Steam engine to Exxon: The evolution of climate science

Deutsche Welle
11 Min Read

As politicians debate how to halt the warming of the planet, some 200 years of climate science sets basis for all this fuss. But this science hasn’t always been taken a given.
Negotiators and political leaders about to meet in Paris are tasked with agreeing on a new global climate treaty to try to limit global temperature rise to a maximum 2 degrees Celsius (3.6 degrees Fahrenheit) above pre-industrial levels.

Meanwhile, the World Meteorological Organization (WMO) tells us that by the end of this year, the earth will be 1 degree warmer than it was before the industrial revolution. Yet the concentration of CO2 in the atmosphere has reached a record high, climbing steadily towards the 400-parts-per-million (ppm) mark.

Joining the dots

The need for action to stop the human-induced excessive warming of the planet through the emission of greenhouse gases caused especially by the burning of fossil fuels is based on the findings of climate science. But this science was not always taken for granted.

Climate science as a discipline in its own right is very recent. Previously, most climate researchers studied meteorology, oceanography or geophysics. The complex phenomenon of climate involves the study of many disciplines – and connecting the dots between them.

Not just the sun

The history of the scientific discovery of climate change dates back to the early 19th century. In the 1820s, French intellectual Joseph Fourier came to the conclusion that the earth should not be as warm as it is, given its distance from the sun.

Fourier worked out that there must be something other than solar radiation keeping the planet warmer – that the atmosphere must play a role. Fourier suspected that human activities such as changes in land use could be influencing the climate. This is often seen as the foundation for later research into what came to be known as the “greenhouse effect.”

At a time when science was just beginning to find out about ice ages and search for causes of past changes in the earth’s climate, Irish physicist John Tyndall (1820 to 1895) found out that different gases absorb and give off heat in different amounts. He suggested variations in the composition of the atmosphere could have been responsible for past changes in climate.

Tyndall discovered that water vapor was an important heat-trapping agent, and that carbon dioxide was also very good at trapping heat. Could the atmosphere work as some kind of warming blanket for the earth?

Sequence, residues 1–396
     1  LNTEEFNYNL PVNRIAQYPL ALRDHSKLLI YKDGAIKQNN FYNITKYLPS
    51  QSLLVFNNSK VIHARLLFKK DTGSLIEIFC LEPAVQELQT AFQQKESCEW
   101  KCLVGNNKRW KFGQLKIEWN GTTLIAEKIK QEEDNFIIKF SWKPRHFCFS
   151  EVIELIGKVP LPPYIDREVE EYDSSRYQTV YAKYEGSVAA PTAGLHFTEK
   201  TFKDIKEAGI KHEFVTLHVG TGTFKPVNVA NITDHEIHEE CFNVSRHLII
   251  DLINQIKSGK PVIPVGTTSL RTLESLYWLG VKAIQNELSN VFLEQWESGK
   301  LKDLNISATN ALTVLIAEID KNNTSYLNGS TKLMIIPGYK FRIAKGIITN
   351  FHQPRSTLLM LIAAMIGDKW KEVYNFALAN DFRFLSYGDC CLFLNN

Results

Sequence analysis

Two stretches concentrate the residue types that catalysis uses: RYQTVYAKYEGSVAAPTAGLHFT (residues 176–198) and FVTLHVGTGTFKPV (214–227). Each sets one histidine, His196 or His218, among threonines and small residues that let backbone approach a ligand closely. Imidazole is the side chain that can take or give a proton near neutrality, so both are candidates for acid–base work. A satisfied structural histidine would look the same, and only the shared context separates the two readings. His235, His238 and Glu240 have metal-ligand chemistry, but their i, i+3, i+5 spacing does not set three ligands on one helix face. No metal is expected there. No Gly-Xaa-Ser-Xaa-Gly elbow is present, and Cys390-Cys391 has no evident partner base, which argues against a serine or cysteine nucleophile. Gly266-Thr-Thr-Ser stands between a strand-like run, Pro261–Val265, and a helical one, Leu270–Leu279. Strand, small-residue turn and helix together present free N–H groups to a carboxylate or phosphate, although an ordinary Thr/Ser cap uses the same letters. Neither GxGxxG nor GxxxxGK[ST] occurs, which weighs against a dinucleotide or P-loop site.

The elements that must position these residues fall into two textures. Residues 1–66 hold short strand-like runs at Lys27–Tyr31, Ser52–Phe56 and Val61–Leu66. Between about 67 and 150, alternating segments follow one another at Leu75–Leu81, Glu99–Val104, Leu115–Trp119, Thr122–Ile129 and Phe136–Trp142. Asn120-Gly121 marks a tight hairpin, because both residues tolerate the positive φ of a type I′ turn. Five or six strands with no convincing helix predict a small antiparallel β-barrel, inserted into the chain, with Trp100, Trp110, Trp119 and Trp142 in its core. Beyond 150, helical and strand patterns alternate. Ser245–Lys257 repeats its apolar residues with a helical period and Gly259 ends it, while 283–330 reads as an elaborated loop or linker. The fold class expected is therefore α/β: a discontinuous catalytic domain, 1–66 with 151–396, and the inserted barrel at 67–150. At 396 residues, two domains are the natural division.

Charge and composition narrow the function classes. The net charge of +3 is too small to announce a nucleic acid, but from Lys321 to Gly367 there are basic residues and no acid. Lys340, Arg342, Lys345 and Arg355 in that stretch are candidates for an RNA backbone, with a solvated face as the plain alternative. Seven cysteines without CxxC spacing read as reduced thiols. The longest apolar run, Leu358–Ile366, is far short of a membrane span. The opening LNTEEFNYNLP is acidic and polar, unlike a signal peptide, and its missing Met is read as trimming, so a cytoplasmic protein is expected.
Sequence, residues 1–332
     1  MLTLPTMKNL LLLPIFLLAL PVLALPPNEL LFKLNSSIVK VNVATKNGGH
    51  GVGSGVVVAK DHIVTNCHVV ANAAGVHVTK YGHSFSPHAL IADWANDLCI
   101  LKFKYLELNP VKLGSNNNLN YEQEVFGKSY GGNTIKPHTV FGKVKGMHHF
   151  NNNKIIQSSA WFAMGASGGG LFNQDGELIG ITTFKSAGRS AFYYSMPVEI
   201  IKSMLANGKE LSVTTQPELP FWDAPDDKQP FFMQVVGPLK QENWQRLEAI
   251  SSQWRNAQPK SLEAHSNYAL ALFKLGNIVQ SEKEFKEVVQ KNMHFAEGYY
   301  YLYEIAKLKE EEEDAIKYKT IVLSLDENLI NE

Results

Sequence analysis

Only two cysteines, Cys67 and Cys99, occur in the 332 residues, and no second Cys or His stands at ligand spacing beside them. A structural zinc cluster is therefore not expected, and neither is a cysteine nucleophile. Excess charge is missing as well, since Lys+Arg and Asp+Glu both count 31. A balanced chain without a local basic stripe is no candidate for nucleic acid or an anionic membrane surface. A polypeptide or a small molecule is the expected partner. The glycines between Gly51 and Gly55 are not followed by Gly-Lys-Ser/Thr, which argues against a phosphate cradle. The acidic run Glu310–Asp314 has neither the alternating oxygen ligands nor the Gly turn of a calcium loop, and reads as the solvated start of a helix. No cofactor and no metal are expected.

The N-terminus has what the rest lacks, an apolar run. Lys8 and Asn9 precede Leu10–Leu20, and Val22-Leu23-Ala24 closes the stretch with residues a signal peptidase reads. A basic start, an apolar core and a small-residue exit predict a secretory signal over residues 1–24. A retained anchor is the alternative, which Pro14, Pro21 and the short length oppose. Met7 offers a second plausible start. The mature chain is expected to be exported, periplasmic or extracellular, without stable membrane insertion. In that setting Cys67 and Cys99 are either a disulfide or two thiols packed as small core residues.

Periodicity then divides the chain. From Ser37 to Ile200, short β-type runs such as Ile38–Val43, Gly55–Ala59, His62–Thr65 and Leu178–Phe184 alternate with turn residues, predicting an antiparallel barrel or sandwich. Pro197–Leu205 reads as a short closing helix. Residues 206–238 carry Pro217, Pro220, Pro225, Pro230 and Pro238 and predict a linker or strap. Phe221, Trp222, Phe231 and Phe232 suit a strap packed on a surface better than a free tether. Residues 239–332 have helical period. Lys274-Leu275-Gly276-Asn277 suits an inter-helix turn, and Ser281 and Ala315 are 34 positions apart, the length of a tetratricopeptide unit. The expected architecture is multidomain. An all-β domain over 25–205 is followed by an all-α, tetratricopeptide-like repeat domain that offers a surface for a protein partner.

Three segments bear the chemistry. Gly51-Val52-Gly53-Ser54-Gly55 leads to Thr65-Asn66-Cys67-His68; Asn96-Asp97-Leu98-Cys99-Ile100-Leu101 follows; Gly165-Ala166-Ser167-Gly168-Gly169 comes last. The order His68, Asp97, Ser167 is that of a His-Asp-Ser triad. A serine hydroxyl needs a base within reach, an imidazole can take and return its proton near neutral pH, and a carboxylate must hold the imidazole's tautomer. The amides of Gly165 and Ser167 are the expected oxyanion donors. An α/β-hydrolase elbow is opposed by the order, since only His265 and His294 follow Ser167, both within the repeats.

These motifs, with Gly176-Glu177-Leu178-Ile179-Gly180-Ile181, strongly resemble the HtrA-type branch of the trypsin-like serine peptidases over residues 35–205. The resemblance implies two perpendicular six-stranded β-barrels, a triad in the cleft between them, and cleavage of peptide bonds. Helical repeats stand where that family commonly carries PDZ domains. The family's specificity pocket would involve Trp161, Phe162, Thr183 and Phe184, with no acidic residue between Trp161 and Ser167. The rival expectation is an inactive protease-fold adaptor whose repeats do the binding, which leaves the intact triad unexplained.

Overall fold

The coal-fired greenhouse

Swedish scientist Svante Arrhenius is credited with being the first to publish a theory on how human-induced changes in the carbon dioxide concentration in the atmosphere could have an impact on global temperature.

Arrhenius calculated that cutting CO2 in half would suffice to produce an ice age, whereas doubling atmospheric CO2 would give a total warming of 5 to 6 degrees Celsius.

In 1896, Arrhenius published the article “On the Influence of Carbonic Acid in the Air upon the Temperature of the Earth.” The Swedish pioneer realized that emissions from burning coal, and from other industrial sources, would eventually lead to warming.

Arrhenius was also already suggesting relationships between temperature and clouds, and other processes still being researched today. He foresaw “feedback” effects, like extra warming caused by heat that would previously have been reflected back into space by white ice and snow being absorbed by the darker surfaces left when ice melts.

Arrhenius thought it would take thousands of years for emissions from coal burning to raise the temperature – and he presumed this would probably be beneficial to humanity.

No science without questioning

Science thrives on debate, on theories and counter-theories. Arrhenius’s calculations were disputed. Many scientists dismissed the idea of this sort of planetary warming, arguing that oceans would quickly absorb any excess carbon dioxide. Many other theories were put forward to explain changes in the climate, from volcanism to solar variation.

In the 1920s and 1930s, attempts to connect the solar cycle with climate cycles were very much en vogue. In 1920, astronomer Milutin Milankovic worked out how varying distances between the earth and the sun, and varying angles of the sun’s radiation, affect the earth’s climate.

In recent years, some scientists have attributed global warming to these natural cycles, disputing the anthropogenic factor. But the scientific consensus today is that while natural cycles also play a role, it is impossible to explain the unprecedented rapid rise in temperature since the industrial revolution without human influence.